You may be asking yourself “How does this architecture help?”. Well, you have a module that consists of a network in network layer, a medium sized filter convolution, a large sized filter convolution, and a pooling operation. The network in network conv is able to extract information about the very fine grain details in the volume, while the 5x5 filter is able to cover a large receptive field of the input, and thus able to extract its information as well. You also have a pooling operation that helps to reduce spatial sizes and combat overfitting. On top of all of that, you have ReLUs after each conv layer, which help improve the nonlinearity of the network. Basically, the network is able to perform the functions of these different operations while still remaining computationally considerate. The paper does also give more of a high level reasoning that involves topics like sparsity and dense connections (read Sections 3 and 4 of the paper. Still not totally clear to me, but if anybody has any insights, I’d love to hear them in the comments!).
- Used 9 Inception modules in the whole architecture, with over 100 layers in total! Now that is deep…
- No use of fully connected layers! They use an average pool instead, to go from a 7x7x1024 volume to a 1x1x1024 volume. This saves a huge number of parameters.
- Uses 12x fewer parameters than AlexNet.
- During testing, multiple crops of the same image were created, fed into the network, and the softmax probabilities were averaged to give us the final solution.
- Utilized concepts from R-CNN (a paper we’ll discuss later) for their detection model.
- There are updated versions to the Inception module (Versions 6 and 7).
- Trained on “a few high-end GPUs within a week”.
Why It’s Important
GoogLeNet was one of the first models that introduced the idea that CNN layers didn’t always have to be stacked up sequentially. Coming up with the Inception module, the authors showed that a creative structuring of layers can lead to improved performance and computationally efficiency. This paper has really set the stage for some amazing architectures that we could see in the coming years.
5. Microsoft ResNet (2015)
Imagine a deep CNN architecture. Take that, double the number of layers, add a couple more, and it still probably isn’t as deep as the ResNet architecture that Microsoft Research Asia came up with in late 2015. ResNet is a new 152 layer network architecture that set new records in classification, detection, and localization through one incredible architecture. Aside from the new record in terms of number of layers, ResNet won ILSVRC 2015 with an incredible error rate of 3.6% (Depending on their skill and expertise, humans generally hover around a 5-10% error rate. See Andrej Karpathy’s great post on his experiences with competing against ConvNets on the ImageNet challenge).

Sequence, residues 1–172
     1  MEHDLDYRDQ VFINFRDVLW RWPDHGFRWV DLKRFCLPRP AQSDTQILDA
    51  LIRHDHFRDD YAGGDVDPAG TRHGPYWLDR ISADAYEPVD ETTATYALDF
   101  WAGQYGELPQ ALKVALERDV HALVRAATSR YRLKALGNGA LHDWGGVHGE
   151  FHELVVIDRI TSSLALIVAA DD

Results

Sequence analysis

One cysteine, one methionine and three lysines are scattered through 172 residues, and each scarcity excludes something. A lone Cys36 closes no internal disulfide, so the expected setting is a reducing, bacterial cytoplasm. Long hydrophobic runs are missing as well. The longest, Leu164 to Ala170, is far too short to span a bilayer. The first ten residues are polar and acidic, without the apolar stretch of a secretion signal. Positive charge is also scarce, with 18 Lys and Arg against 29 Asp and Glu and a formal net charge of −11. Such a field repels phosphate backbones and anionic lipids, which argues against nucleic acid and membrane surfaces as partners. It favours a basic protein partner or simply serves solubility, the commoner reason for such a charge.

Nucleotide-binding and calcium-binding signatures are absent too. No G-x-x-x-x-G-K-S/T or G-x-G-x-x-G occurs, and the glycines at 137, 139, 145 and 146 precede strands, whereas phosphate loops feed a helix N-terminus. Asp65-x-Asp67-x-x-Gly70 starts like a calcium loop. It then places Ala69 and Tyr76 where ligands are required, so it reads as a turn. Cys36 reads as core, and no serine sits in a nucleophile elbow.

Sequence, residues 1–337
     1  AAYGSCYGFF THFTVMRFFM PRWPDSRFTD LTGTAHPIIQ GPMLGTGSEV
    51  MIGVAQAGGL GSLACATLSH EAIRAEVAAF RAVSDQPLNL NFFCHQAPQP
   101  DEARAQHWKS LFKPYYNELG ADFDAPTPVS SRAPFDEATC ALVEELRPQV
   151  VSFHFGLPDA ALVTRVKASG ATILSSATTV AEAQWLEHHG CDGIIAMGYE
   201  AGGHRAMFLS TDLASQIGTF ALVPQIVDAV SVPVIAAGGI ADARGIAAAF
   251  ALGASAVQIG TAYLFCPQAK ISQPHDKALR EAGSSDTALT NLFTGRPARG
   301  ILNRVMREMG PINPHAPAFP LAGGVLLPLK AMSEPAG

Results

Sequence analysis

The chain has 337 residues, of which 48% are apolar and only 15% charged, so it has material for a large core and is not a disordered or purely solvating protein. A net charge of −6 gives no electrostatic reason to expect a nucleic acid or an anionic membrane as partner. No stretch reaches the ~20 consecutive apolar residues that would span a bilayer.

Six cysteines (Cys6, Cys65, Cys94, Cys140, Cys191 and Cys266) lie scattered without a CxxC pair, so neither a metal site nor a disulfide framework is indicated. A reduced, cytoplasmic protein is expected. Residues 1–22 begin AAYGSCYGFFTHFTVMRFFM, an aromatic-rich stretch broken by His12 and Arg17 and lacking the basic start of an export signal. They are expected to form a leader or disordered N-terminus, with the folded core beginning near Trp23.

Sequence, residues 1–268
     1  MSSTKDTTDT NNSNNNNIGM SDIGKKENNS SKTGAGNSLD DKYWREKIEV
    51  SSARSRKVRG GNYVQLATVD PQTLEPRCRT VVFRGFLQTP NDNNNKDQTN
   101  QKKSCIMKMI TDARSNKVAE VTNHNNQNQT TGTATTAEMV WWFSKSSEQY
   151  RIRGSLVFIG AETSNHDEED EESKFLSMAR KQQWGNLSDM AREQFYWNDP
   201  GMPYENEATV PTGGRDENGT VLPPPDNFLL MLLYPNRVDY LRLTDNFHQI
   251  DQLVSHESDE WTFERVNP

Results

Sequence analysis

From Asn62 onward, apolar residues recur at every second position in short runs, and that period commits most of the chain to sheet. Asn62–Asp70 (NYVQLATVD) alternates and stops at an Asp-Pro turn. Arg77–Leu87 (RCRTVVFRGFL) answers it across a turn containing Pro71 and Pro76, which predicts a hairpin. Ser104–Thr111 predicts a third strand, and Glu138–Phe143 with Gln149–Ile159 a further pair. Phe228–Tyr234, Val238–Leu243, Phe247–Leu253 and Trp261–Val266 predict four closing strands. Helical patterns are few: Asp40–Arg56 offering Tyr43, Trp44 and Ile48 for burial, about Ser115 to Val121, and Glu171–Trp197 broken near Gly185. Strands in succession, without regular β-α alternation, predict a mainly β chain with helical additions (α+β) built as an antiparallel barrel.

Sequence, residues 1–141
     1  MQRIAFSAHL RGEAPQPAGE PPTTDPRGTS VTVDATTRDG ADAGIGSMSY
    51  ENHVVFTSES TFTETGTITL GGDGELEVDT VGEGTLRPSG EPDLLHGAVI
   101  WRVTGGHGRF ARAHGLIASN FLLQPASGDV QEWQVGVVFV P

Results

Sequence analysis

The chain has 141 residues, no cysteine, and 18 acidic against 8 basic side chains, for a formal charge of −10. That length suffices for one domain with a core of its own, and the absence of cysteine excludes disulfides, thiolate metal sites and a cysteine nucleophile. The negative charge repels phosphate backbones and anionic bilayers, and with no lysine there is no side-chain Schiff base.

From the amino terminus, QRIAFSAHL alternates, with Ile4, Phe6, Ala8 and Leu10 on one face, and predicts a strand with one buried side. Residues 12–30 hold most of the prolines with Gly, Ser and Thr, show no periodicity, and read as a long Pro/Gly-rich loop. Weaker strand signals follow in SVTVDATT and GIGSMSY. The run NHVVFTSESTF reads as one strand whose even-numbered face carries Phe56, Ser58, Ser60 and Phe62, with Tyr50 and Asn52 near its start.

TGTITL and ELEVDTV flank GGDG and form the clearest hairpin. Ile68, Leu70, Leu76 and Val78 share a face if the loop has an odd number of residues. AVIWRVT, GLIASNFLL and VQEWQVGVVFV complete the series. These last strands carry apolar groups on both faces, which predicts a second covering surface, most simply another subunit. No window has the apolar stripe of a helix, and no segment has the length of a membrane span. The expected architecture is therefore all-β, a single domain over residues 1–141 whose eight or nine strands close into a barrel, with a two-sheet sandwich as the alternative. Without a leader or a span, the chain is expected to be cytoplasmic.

The idea behind a residual block is that you have your input x go through conv-relu-conv series. This will give you some F(x). That result is then added to the original input x. Let’s call that H(x) = F(x) + x. In traditional CNNs, your H(x) would just be equal to F(x) right? So, instead of just computing that transformation (straight from x to F(x)), we’re computing the term that you have to add, F(x), to your input, x. Basically, the mini module shown below is computing a “delta” or a slight change to the original input x to get a slightly altered representation (When we think of traditional CNNs, we go from x to F(x) which is a completely new representation that doesn’t keep any information about the original x). The authors believe that “it is easier to optimize the residual mapping than to optimize the original, unreferenced mapping”.
Another reason for why this residual block might be effective is that during the backward pass of backpropagation, the gradient will flow easily through the effective because we have addition operations, which distributes the gradient.
- “Ultra-deep” – Yann LeCun.
- 152 layers…
- Interesting note that after only the first 2 layers, the spatial size gets compressed from an input volume of 224x224 to a 56x56 volume.
- Authors claim that a naïve increase of layers in plain nets result in higher training and test error (Figure 1 in the paper).
- The group tried a 1202-layer network, but got a lower test accuracy, presumably due to overfitting.
- Trained on an 8 GPU machine for two to three weeks.
Why It’s Important
3.6% error rate. That itself should be enough to convince you. The ResNet model is the best CNN architecture that we currently have and is a great innovation for the idea of residual learning. With error rates dropping every year since 2012, I’m skeptical about whether or not they will go down for ILSVRC 2016. I believe we’ve gotten to the point where stacking more layers on top of each other isn’t going to result in a substantial performance boost. There would definitely have to be creative new architectures like we’ve seen the last 2 years. On September 16th, the results for this year’s competition will be released. Mark your calendar.
Bonus: ResNets inside of ResNets. Yeah. I went there.